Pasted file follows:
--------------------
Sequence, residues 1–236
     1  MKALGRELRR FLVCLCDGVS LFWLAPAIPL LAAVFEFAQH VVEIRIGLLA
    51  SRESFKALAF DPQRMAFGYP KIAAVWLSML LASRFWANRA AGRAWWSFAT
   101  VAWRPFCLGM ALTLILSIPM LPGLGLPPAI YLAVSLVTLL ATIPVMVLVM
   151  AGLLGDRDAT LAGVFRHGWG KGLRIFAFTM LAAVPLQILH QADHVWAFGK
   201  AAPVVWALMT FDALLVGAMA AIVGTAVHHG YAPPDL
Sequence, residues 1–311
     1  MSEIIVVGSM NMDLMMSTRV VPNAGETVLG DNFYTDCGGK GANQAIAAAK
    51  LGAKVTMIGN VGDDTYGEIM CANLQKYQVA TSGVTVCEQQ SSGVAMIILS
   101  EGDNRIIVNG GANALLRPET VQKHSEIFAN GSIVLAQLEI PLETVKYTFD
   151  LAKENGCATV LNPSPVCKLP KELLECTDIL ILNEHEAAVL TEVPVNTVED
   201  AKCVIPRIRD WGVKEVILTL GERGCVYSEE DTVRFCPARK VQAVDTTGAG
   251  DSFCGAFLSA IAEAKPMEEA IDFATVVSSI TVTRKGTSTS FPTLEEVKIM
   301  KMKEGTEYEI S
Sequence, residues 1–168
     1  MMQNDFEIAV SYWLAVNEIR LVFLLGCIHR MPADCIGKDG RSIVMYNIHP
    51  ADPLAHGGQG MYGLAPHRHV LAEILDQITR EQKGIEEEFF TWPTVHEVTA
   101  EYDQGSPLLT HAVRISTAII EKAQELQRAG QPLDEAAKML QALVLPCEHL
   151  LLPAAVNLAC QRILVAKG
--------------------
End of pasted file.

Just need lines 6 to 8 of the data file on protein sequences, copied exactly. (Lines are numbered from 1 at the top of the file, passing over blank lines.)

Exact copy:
   201  AAPVVWALMT FDALLVGAMA AIVGTAVHHG YAPPDL
Sequence, residues 1–311
     1  MSEIIVVGSM NMDLMMSTRV VPNAGETVLG DNFYTDCGGK GANQAIAAAK